A land of lush greenery: Meet Croatia's National Parks

Those include 8 national parks, 2 strict reserves and 11 nature parks. In this post, we'll focus on national parks with a total area of 994 km2, of which 235 km2 is a sea surface.


When we say lush greenery, we don't mean a few fancy parks. No, we are talking about the land that has 444 protected areas, that encompasses 9% of the country. Those include 8 national parks, 2 strict reserves and 11 nature parks. In this post, we'll focus on national parks with a total area of 994 km2, of which 235 km2 is a sea surface.

Embarking on a journey through Croatia's national parks means slipping through a breath-taking array of sceneries filled with forested islands, rugged mountains, sparkling waterfalls, lakes, and sometimes even little miracles, such as island within the island. This kind of set up offers a unique vacation experience both for nature lovers and active travellers. From hiking, biking, swimming, and diving to just resting your eyes and soul surrounded by unspoiled nature, national parks of Croatia offer a full spectrum of joy. And here they are…
Probably the most famous one, and most visited one, Plitvice Lakes National Park is also the oldest and largest national park in Croatia. Hidden between two mountain ranges, this emerald gem glitters with waterfalls and lakes. Formed on karst, it's a UNESCO-protected World Heritage Site.
Located near the historical city of Šibenik, Krka National Park is somewhat like a younger sister of Plitvice. The Park also boasts waterfalls and lakes but unlike ones in Plitvice, in Krka's lakes, you can actually swim. The main showstopper here is Skradinski Buk, the largest waterfall in the park, but the whole area is paradise-like filled with greenery and fairy-tale waling paths. 
Leave the fuss and over crowdedness of other Croatia islands, and come to Mljet back and enjoy the forests and inland lakes. Located near Dubrovnik, this magical place is home to salt lakes, The Great Lake and The Small Lake, which are a unique geological and oceanographic phenomenon. Oh, and right in the middle of the Large Lake, there is a small island with the 12th-century Benedictine monastery.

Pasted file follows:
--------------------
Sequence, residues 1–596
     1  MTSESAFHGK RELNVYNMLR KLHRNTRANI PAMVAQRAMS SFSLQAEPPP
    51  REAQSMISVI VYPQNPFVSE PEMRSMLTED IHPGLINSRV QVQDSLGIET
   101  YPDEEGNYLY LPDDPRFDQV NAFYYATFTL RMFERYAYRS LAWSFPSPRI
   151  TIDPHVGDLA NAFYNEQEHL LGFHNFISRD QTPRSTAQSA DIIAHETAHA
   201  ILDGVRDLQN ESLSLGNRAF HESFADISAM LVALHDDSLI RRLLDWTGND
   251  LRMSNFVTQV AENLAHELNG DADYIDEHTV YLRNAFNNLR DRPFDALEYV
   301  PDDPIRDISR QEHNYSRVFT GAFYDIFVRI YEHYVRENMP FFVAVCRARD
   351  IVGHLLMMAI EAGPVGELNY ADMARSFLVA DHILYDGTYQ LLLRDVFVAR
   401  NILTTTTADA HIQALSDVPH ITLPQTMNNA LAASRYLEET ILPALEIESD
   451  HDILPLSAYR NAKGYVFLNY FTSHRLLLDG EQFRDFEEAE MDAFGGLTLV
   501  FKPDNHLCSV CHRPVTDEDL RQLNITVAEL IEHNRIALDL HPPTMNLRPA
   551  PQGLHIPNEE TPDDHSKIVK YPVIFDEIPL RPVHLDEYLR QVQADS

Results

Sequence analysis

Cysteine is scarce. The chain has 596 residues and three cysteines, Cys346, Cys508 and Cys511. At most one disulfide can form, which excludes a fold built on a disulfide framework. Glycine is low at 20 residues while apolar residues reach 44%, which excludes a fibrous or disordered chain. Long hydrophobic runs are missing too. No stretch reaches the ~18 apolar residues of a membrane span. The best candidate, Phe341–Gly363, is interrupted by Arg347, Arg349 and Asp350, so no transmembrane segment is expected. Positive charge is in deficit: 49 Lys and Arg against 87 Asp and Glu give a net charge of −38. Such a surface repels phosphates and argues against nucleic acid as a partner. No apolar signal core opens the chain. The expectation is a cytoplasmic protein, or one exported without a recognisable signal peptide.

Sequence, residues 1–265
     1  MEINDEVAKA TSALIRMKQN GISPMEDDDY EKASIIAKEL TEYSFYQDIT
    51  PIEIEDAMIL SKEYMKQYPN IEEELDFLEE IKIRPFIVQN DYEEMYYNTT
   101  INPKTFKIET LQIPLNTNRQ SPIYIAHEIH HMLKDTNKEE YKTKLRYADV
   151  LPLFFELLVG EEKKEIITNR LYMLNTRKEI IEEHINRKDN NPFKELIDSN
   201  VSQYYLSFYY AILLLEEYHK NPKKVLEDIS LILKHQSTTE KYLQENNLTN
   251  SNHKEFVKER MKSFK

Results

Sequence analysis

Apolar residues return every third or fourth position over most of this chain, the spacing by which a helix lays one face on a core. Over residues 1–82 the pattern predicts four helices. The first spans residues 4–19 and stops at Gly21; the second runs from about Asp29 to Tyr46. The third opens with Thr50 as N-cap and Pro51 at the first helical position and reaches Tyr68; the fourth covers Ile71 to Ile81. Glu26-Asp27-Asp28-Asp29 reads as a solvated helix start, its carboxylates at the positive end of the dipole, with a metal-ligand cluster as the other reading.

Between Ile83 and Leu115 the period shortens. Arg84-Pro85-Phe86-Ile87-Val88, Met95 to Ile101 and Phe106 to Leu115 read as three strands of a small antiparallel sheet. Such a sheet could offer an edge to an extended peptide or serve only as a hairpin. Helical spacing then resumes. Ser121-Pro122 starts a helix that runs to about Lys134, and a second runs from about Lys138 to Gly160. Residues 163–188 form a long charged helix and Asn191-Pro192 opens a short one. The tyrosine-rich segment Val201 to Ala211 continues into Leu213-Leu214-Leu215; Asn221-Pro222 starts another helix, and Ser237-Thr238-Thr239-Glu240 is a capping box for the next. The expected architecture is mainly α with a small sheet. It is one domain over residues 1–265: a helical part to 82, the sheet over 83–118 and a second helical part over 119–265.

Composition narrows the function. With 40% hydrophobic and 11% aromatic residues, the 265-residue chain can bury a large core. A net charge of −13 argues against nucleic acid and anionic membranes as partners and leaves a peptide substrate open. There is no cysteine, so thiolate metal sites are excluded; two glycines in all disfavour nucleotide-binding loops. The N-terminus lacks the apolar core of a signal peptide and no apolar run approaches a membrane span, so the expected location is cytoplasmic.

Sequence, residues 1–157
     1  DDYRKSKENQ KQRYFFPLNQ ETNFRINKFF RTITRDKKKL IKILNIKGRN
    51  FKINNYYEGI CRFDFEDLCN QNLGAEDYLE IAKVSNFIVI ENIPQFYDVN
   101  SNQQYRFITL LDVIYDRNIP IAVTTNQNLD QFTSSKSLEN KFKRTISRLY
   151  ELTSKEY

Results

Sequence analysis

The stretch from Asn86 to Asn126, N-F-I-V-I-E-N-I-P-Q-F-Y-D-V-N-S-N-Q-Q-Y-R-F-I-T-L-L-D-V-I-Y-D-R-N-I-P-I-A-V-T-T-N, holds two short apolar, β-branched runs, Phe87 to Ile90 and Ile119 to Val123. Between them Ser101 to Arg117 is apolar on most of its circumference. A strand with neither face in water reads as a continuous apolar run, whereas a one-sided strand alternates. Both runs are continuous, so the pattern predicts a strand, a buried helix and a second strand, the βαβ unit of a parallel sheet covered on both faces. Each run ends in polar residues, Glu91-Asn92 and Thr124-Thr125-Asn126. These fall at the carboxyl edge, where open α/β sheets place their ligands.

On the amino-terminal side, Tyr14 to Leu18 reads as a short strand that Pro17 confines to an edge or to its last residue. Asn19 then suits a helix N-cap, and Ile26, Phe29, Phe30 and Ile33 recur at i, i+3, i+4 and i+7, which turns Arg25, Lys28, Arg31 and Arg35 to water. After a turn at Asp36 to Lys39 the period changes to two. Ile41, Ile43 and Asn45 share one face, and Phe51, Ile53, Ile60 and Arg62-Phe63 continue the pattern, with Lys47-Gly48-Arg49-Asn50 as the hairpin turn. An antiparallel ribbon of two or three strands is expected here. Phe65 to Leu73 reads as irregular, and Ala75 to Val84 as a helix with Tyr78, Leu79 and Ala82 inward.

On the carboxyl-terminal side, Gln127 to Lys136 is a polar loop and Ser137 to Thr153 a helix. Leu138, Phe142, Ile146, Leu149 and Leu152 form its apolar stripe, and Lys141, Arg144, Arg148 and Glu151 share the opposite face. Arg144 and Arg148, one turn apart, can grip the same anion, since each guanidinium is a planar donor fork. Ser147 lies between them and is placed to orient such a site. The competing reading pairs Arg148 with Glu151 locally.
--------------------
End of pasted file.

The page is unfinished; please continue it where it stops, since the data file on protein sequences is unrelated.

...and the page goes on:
Unfairly not so popular, Risnjak is situated in the north-west part of Gorski Kotar, in the vicinity of the town Rijeka. The Park's forests were once home to ris or lynx but now you can meander trails in the shade of pine trees and enjoy flowery meadows. You can also enjoy various activities such as hiking, biking, trekking, or skiing in the winter time. 
If you're more on the energetic side, you'll love Paklenica. Cliffs and gorges, grottoes and caves put this incredible place on a map as one of Europe's beloved spots for rock-climbing. Beside challenging hiking trails, for those who are more laid back, Paklenica offers walking paths, with just as much to explore.
If Paklenica isn't wild enough for you, then you have to come to Velebit, and get lost in the mountains. Access is only by mountain trail or via an, ahem how should we put it, more adventurous mountain road from Otočac. The Park is recognizable by its preserved biodiversity, the richness of the natural phenomena and experience of pristine wilderness. 
With 89 uninhabited islands, islets, and reefs, for a total area of 217 km2, no wonder the Kornati became one of the yachties beloved place on the Adriatic Sea. Almost completely uninhabited, this magical archipelago provides endless opportunities for exploration with your own boat or a guided tour. 
Consisting of two main pine-covered islands and 12 islets off the coast of Istria, just northwest of Pula, the Brijuni archipelago are a sight to see. Covered by meadows, parks, and oak and laurel forests the islands were pronounced a national park in 1983. The largest island, Velki Brijun, was once Tito's summer residence and was regularly visited by politicians, tycoons and celebrities such as Queen Elizabeth II, her sister Margaret, JFK and Sophia Loren, and many more.